Even in the best case scenario, there are risks. Say someone needs help and you offer it. Say your advice is appropriate and has the desired effect. It actually solves their problem. Very likely, they'll feel gratitude. But if this becomes a pattern in your relationship, your support can create a dependency. This would be unfortunate, because people need to be able to solve their own problems. If you routinely come to their rescue, it can reinforce their perception of helplessness. This could prevent them from building the self-confidence and self-esteem they need to stand on their own two feet. So your advice would have helped keep them needy and dependent.

This is why I believe giving advice can be more risky than most people appreciate. I also believe that people often give advice because they feel comfortable in a "parent-child" relationship (where they are the parent), rather than in a relationship of equals.

It's something to watch out for.

But this doesn't mean that compassion is dangerous or wrongheaded or that you should stop helping people. I think the answer is to try to help people help themselves. As the old saying goes, "Give a man a fish and he will eat for a day, teach a man to fish and he will eat for life."

In the best spirit of compassion, we become listeners, so we can understand what people are feeling and what they really need from us. It's a mistake to automatically assume they want us to give them "the answer."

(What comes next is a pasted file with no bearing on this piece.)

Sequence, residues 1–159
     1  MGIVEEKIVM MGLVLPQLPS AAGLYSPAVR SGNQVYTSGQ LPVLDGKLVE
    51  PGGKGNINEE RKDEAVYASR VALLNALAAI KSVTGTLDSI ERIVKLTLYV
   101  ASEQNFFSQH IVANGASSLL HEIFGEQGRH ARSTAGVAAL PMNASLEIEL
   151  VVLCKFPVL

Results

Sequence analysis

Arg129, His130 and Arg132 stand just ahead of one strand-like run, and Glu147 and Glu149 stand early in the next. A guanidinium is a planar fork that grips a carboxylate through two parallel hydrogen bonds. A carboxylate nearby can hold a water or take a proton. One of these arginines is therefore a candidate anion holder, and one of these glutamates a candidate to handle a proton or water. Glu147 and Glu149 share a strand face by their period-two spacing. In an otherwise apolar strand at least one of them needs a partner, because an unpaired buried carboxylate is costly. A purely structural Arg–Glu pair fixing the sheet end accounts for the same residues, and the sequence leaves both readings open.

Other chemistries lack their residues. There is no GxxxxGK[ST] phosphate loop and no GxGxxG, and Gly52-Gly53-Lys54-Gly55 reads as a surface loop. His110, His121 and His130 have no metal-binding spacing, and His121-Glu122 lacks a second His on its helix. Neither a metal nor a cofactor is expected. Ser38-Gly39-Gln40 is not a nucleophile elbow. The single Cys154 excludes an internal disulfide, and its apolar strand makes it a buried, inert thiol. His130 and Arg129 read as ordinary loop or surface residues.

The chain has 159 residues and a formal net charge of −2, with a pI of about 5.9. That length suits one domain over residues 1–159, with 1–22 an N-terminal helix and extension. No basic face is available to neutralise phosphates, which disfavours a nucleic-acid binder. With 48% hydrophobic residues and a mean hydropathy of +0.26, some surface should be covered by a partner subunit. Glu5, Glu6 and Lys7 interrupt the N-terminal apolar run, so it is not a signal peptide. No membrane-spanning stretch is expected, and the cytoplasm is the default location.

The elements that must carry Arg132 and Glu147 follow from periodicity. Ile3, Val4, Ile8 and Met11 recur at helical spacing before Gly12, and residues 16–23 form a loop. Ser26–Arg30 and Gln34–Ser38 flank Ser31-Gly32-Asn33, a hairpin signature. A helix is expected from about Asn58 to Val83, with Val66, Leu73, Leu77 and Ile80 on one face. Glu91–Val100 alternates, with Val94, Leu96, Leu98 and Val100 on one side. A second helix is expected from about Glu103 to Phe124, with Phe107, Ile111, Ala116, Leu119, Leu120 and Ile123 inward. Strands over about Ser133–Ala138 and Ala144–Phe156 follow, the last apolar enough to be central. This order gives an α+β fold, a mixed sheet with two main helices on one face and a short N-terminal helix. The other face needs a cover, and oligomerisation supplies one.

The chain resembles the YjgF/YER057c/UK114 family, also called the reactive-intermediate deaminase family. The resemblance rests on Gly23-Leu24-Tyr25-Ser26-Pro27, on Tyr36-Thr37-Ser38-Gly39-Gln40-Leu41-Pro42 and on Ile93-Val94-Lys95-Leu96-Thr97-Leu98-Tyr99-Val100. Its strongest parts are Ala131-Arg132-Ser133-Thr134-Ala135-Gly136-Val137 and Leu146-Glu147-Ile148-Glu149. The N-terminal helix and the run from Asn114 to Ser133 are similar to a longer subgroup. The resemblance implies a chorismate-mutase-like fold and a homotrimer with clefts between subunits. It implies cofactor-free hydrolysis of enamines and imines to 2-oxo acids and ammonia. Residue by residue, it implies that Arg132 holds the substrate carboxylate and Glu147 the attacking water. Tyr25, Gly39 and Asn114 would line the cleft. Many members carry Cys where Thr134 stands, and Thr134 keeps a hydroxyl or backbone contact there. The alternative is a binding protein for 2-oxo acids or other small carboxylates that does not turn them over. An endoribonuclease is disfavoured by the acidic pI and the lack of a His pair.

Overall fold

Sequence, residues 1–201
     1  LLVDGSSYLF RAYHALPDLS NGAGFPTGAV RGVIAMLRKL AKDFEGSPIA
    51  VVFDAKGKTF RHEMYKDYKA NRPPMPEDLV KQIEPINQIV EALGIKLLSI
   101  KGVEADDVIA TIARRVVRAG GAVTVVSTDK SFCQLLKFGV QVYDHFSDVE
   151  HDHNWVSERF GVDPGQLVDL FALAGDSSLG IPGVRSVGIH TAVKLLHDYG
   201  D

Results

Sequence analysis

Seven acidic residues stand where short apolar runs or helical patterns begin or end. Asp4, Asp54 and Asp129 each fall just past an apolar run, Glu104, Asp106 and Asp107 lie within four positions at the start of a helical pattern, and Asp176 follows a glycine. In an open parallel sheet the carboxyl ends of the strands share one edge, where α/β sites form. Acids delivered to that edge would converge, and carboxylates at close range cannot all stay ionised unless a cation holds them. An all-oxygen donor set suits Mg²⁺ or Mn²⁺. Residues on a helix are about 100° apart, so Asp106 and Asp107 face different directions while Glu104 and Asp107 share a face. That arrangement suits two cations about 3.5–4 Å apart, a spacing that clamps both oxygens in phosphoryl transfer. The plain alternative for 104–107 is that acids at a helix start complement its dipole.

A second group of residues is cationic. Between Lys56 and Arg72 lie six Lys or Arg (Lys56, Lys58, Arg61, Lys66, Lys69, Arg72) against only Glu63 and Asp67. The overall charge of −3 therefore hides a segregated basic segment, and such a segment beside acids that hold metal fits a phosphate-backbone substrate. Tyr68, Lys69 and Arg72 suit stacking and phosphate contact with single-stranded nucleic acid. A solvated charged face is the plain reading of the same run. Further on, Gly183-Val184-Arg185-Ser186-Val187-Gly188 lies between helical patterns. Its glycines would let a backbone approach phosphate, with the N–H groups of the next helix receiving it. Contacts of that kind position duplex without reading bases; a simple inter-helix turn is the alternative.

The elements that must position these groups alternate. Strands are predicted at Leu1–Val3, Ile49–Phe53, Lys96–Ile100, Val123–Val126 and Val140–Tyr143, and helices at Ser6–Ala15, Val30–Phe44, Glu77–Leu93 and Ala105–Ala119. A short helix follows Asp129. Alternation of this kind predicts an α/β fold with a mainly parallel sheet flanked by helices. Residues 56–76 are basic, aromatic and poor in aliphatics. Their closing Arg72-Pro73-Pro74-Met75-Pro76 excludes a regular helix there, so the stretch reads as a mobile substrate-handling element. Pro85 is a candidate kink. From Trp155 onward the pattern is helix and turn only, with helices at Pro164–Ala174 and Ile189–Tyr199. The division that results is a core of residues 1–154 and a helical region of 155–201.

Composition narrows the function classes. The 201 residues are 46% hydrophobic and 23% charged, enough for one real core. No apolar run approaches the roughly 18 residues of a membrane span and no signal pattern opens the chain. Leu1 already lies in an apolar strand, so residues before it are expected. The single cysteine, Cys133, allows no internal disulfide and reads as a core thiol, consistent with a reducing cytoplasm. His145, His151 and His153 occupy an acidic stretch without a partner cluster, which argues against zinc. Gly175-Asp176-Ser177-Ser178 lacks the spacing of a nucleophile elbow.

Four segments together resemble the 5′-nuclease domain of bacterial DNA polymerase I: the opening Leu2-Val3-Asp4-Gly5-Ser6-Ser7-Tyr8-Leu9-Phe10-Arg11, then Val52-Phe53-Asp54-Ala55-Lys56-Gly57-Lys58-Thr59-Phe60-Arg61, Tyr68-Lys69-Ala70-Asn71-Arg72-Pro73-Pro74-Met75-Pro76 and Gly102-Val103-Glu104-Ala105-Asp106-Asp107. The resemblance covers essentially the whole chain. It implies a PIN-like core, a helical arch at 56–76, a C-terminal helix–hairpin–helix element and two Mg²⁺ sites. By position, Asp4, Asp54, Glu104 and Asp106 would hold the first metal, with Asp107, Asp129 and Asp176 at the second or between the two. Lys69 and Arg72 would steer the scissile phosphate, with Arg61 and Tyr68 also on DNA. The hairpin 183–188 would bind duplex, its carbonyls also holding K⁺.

We can encourage them, which means to affirm both their situation, their strengths and the possibilities.

If they are lacking information, tools, and other resources, we can help them find these things - without telling them what to do.

And if they are seriously ill or disabled, then we can go as far as our hearts will take us to help them with things they can’t do for themselves - until they can. If you’ve ever been a caretaker, you know there’s a fine line there, and you need to find out where it is.

I think the best spirit of helpfulness is to find out what people really need and give them enough support so they can help themselves. Because when they do that, the rewards are profound.

The best alternative to giving advice is to help people think for themselves...

Post by Dennis E. Coates, Ph.D., Copyright 2010. Building Personal Strength . (Permission to use photo purchased from


Euan said...

I have always loved the phrase "To rescue someone is to oppress them."

Sean said...

One of the biggest challenges of being a great friend is knowing when to give advice and when to just shut up, smile, and nod. Often people with difficulties know damn well what the solutions are, so they don't need the advice, they just need the support, friendship, and companionship.

Fit2B Mama said...

My sis-in-law pulled me aside to give me some advice this past week. I listened to her harder than usual. Why? Because she's been through a lot this past year. She is finally speaking from a place of hurt and real experience, and I could see love in her eyes. When I told her she was right, she nearly fell over!